Water, Water Everywhere: Loss Data May Surprise Homeowners

Water damage is the leading cause of property-related losses for homeowners, according to Chubb claims data.

A recent Travelers report reveals similar findings: After analyzing eight years of claims data, the insurer found that 20% of homeowners claims were attributable to non-weather water issues including plumbing, sewer or appliance leaks and failures—making non-weather water losses the second most common homeowners claim, after wind (24%). Meanwhile, 11% of homeowners claims were caused by weather-related water.

Beyond just contributing to claims frequency, water is also the culprit in many devastating losses. Travelers reports that non-weather water and weather-related water damage accounted for 17% and 7% of the most expensive homeowners claims in 2009-2016, respectively—and since 2015, water losses exceeding $500,000 have doubled, while those exceeding $1 million have tripled, according to Chubb.

Despite all this evidence, however, consumers may not be taking water threats as seriously as they should. Regarding weather-related water losses, Chubb reports that nearly half of homeowners believe weather reporting is “regularly” or “frequently” exaggerated, and 36% believe it’s “sometimes” exaggerated.

Furthermore, between summer 2017 and 2018—a timeframe that encompassed one of the worst hurricane seasons on record—Chubb reports that 64% of homeowners did not change their home protection strategies.

But people are still at risk from hurricanes even if they don’t live near the coast: 33% and 31% of Chubb’s Hurricane Harvey and Irma claims, respectively, were 25-50 miles away from the shoreline. And hurricane or not, flood remains the No. 1 disaster in the U.S., says Ana Robic, COO, Chubb Personal Risk Services.

“A lot of people think, ‘This is never going to happen to me—this is only a problem in X location,’” says Tanya Brown-Giammanco, lead researcher on the Insurance Institute for Business & Home Safety’s Hurricane Harvey Wind Damage Investigation Report. “But most locations in the U.S. are prone to some kind of disaster.”

Non-weather water can also be more devastating than many homeowners may realize. “Once a consumer has a water loss, they’re definitely more aware of it for the next time,” says Angi Orbann, vice president of Product Personal Insurance at Travelers. “But other than that, consumers typically aren’t thinking about those type of water losses.”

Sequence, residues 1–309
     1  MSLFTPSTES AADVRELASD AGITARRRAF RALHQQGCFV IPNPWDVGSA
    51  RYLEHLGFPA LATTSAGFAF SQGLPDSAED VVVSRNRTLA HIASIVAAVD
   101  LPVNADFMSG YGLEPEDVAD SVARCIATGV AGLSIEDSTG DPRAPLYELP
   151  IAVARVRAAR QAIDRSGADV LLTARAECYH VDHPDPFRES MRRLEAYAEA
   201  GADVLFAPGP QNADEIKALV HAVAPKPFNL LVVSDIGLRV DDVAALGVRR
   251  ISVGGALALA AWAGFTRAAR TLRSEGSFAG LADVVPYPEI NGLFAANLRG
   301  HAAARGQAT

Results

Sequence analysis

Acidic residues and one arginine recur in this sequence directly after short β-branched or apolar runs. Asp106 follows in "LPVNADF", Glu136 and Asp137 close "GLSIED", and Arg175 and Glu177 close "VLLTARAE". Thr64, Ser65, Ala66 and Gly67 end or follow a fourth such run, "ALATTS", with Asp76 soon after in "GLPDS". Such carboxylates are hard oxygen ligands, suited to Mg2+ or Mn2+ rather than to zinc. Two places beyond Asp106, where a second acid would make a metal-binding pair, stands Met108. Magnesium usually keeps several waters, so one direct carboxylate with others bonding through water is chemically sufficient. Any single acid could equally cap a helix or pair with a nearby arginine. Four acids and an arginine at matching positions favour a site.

Whether it’s a leaky pipe or a problem with the connection between the refrigerator and the icemaker, “as supply lines and materials age, they can break down,” Orbann points out.

And if a homeowner is away and doesn’t notice a leak immediately, “the damage can be quite severe,” Orbann adds. “Think about a two-story home where there’s a bathroom on the second story. If that hose line goes, it’s easy for it to be running down to the downstairs and possibly the basement for eight hours or longer if you’re away for a weekend. Those claims tend to be very disruptive.”

Robic outlines a real-life scenario in which a homeowner was away on vacation when their washing machine hose burst, causing water to run unmonitored for several days. The water caused significant damage to the first and second floors of the home, including substantial damage to a newly renovated kitchen on the first floor.

Understanding your clients’ most common and most expensive risks is the first step in determining “the proper coverage for every insured,” Orbann says. But equally important is “advising them on how to prepare or prevent some of those losses.”

For details on how you can make sure your homeowners clients are not only properly covered for water-related losses, but also informed about what steps they need to take to prevent them from happening in the first place, keep an eye on IAmagazine.com and next week’s Markets Pulse e-newsletter.

Jacquelyn Connelly is IA senior editor.